Born: 1876, Burton-upon-Trent, Staffordshire.
Died: 1st April 1900; age: 24; Died of Enteric Fever, at Naauwpoort, Nkangala, Mpumalanga, South Africa.
ENTERIC FEVER Enteric Fever (eneterica serotype bacteria) was a rampant bacterial infection during the South Africa Boer War – 1899 – 1902.
This systemic disease, now known as Typhoid Fever, from the bacterium Salmonella typhi, is characterised by fever and abdominal pain. The disease is spread via the lymphatic system and can affect other parts of the body, or even the whole body. The symptoms usually developed a week or two after a person had became infected bringing on a high temperature, headaches, coughs, lethargy, aches and pains, lose of appetite, sickness and diarrhoea. After 2 – 3 weeks intestinal bleeding.
Enteric Fever was originally thought to be spread via dust storms and flies.
Human carriers with acute illness can contaminate the surrounding water supply through their faeces, which contains a high concentration of the bacteria. The polluted water supply can, in turn, taint the food supply. Enteric (Typhoid) Fever is then contracted by drinking, or eating the contaminated food or water. This bacteria can survive for weeks in water or dried sewage.
In 1897, an effective vaccine was developed by Almroth Wright and William Leisman, at the Army Medical School, Netley. At the time of the Boer War, the new inoculation had many side effects, and soldiers refused the voluntary immunisation. The inoculation was still voluntary in August 1914, when Great Britain entered the First World War.
Residence: 6, Oxford Terrace, Queen’s Road, Sudbury, Suffolk.
Rank: Private; Service Number: 4253.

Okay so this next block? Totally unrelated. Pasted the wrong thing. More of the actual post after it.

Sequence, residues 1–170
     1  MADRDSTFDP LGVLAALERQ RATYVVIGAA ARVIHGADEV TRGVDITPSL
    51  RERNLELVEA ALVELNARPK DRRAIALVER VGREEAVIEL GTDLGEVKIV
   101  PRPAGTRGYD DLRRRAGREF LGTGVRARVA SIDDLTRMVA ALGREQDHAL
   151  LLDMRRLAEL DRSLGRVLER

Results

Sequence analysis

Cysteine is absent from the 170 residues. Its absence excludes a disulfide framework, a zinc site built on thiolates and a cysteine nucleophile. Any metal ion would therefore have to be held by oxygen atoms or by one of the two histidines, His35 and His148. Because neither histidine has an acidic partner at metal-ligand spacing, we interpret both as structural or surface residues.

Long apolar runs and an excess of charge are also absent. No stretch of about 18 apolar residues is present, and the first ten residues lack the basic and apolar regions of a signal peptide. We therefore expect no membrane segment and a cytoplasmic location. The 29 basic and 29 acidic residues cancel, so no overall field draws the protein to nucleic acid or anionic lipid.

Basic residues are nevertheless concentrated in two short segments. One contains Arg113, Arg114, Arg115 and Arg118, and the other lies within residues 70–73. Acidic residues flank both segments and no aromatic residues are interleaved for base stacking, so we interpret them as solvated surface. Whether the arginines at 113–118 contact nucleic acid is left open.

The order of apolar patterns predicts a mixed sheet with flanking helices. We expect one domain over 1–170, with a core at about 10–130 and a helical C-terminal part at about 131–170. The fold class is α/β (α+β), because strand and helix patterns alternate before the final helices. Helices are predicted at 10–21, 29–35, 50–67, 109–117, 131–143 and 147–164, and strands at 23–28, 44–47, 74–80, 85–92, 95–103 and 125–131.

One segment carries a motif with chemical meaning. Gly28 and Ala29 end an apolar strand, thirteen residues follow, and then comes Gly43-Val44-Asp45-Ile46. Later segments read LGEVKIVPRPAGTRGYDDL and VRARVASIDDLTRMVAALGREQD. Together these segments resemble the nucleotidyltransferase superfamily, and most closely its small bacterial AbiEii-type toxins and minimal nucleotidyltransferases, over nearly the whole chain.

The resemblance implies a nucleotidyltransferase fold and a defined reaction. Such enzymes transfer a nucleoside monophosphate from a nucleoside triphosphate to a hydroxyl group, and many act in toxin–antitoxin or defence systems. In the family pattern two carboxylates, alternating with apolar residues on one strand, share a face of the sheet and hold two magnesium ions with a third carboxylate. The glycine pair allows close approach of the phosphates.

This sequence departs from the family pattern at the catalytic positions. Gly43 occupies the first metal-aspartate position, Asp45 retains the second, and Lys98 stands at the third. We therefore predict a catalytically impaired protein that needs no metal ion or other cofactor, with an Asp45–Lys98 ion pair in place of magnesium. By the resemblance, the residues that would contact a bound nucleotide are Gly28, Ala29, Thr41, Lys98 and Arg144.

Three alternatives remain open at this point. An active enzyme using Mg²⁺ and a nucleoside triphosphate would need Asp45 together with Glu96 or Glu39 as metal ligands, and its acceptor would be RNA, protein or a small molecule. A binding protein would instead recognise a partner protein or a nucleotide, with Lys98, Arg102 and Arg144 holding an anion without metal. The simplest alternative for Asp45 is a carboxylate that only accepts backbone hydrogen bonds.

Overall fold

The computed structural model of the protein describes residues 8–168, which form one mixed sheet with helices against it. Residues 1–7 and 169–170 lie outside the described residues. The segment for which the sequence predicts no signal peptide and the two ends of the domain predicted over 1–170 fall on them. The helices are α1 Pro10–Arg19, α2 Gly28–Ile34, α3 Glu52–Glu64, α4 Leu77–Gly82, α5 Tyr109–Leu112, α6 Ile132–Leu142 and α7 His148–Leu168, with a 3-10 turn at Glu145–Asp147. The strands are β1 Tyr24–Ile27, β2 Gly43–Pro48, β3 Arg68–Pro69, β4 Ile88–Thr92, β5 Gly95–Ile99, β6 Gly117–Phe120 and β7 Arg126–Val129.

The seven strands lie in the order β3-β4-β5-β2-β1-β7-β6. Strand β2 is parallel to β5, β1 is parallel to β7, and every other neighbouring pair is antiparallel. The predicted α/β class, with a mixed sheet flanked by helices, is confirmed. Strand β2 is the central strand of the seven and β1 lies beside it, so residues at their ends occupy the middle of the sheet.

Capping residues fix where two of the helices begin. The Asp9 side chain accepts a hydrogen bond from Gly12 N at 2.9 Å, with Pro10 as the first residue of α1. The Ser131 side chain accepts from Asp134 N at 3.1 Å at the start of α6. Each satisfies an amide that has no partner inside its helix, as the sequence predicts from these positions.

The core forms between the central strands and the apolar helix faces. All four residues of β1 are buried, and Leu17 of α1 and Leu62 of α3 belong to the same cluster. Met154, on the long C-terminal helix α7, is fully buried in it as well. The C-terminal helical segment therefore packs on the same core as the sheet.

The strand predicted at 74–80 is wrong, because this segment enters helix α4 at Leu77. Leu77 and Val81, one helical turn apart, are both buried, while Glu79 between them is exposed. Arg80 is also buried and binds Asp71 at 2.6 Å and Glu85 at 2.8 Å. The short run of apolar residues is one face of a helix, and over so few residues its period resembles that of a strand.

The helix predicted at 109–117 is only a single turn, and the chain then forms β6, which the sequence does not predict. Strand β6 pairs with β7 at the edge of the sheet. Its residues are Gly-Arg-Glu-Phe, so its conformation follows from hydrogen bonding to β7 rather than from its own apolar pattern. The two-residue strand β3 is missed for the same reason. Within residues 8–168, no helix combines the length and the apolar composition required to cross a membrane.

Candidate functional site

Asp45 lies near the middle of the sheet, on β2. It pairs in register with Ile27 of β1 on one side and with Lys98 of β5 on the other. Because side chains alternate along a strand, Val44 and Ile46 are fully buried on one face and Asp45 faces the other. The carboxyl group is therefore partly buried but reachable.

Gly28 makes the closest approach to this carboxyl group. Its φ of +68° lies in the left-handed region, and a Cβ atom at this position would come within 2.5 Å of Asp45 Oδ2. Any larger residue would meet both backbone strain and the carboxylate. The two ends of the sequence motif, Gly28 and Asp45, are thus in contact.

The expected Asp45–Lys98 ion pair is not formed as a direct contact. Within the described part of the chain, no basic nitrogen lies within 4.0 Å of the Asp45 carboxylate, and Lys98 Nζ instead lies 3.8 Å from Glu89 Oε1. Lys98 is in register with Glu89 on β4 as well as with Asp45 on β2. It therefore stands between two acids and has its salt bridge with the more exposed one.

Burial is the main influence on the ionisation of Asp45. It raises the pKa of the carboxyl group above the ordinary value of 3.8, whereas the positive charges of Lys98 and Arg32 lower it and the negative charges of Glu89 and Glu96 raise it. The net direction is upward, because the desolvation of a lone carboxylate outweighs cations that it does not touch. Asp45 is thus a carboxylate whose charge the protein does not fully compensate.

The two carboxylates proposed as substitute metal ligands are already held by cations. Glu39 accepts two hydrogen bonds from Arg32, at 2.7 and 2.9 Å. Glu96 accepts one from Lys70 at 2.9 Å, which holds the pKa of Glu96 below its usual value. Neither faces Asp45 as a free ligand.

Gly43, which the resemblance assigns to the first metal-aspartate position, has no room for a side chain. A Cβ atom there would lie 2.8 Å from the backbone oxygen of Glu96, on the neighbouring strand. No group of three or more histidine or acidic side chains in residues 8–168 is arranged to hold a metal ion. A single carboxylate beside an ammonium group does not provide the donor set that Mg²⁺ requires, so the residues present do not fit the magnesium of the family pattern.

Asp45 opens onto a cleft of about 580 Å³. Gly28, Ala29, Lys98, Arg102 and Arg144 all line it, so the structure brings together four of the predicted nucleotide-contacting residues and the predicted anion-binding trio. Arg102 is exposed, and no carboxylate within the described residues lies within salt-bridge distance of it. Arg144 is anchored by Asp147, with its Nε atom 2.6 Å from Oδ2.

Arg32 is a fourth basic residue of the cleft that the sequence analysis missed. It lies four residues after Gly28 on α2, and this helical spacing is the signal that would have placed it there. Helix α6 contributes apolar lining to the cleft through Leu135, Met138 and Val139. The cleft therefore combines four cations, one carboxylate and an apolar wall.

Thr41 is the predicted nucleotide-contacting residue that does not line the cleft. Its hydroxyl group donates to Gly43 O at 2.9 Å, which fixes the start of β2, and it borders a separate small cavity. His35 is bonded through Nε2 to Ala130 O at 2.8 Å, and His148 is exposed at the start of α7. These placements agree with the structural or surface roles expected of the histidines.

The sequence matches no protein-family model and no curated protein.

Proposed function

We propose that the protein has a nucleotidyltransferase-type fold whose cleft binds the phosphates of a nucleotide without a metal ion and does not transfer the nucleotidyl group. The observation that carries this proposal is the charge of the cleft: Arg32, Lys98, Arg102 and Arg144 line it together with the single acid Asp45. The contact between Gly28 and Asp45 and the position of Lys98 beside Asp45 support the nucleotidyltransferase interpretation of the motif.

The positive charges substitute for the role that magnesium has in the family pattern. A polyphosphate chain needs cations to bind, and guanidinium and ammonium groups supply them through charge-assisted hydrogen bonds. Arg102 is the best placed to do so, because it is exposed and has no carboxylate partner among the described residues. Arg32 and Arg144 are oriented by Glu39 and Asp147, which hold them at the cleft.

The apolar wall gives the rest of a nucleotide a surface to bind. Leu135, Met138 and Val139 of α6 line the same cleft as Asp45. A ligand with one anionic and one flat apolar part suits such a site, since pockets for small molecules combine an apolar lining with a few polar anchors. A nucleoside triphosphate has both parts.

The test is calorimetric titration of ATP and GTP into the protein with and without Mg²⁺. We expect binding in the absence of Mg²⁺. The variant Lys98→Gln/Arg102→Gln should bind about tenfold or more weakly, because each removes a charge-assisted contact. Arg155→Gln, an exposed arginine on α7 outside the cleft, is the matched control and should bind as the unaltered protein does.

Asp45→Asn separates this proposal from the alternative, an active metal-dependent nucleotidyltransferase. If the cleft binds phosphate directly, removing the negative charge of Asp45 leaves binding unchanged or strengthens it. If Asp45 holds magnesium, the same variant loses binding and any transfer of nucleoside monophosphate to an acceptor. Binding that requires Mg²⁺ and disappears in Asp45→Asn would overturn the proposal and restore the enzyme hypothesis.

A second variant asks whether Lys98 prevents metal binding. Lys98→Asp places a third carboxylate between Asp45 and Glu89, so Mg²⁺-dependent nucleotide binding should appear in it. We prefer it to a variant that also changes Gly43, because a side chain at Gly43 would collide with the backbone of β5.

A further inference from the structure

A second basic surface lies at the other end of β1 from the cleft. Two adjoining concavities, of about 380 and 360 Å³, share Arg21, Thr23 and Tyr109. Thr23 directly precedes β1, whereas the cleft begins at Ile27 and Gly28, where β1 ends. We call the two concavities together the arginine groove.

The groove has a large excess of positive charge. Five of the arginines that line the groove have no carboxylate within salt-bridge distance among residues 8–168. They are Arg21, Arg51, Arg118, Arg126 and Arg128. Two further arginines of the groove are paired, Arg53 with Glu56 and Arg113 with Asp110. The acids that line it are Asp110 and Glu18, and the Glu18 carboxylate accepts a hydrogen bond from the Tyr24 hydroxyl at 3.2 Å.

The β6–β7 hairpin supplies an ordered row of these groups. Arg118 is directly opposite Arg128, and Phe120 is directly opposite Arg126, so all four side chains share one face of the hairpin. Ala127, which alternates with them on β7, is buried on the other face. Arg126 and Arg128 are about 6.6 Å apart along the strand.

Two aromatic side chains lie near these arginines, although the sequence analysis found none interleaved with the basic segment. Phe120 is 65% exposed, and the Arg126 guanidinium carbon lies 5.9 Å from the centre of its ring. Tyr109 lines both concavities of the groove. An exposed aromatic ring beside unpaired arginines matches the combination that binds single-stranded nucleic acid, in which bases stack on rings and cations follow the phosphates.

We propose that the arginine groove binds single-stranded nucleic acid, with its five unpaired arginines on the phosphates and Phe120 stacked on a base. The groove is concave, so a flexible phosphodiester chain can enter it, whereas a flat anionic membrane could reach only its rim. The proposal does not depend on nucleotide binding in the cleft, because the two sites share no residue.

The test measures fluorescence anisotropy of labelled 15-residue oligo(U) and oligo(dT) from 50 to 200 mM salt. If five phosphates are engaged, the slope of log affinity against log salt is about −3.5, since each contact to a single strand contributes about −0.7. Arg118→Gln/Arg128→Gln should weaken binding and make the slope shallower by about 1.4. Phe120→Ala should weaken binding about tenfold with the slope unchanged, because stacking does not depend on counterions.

Regiment: Suffolk Regiment, 1st Battalion, South Africa Field Force.
Clasps Awarded: Orange Free State & Relief of Kimberley.
1881 Hardy’s Row, Cavendish, Suffolk.
Thomas was 5 years old and living with his parents & siblings.
George Malyon, 29, an Agricultural Labourer, born Cavendish, Suffolk.
Jane Malyon (nee Bullett), 29, born Rougham, Suffolk.
Edith Sarah Bullett, 12, born Rougham.
Elizabeth Jane Malyon, 6, born Burton-upon-Trent, Staffordshire.
Harry Edward Malyon, 3, born Burton-upon-Trent.
Lillas Sarah Malyon, 1, born Burton-upon-Trent.
1891 18, Mount Place, North Street, Sudbury, Suffolk.
Thomas was 15 years old and living with his parents & siblings.
George, 39, a Malster.
Elizabeth, 16, a General Domestic Servant.
William Herbert Malyon, 7, born Cavendish.
Albert Edwin Malyon, Cavendish.
Ethel Mary Malyon, 6 months, born Sudbury.
Two of Thomas’s brothers died during the First World War:
Harry Edward Malyon was KiA on the 1st July 1916, age 38. He was ranked a Lance Corporal, service number 5267, for the East Surrey Regiment, 8th Battalion. Harry is commemorated on the Thiepval memorial, Somme, France. He was married to Jane Malyon (nee Crockson), with children.
Albert Edwin Malyon died of wounds on the 12th March 1915, age 24. He was ranked a Private, service number 8141, for the Suffolk Regiment, 1st Battalion ‘C’ Company. Albert was laid to rest at Lille Southern Cemetery, Nord, France.
One of the notable Battles with a large loss of Suffolk life was the “Battle of Suffolk hill” at Colesberg, Northern Cape 5th- 6th January 1900. The hill was originally called Red or Grassy Hill. The Suffolk regiment was ordered to make a night attack on a Boer position on the heights, four companies, 354 of all ranks, set out at midnight under the command of Col. Watson. The Suffolks were met by a storm of bullets. The Colonel was amongst the first to fall, and the party later retired with 11 officers and 150+ men killed, wounded or captured.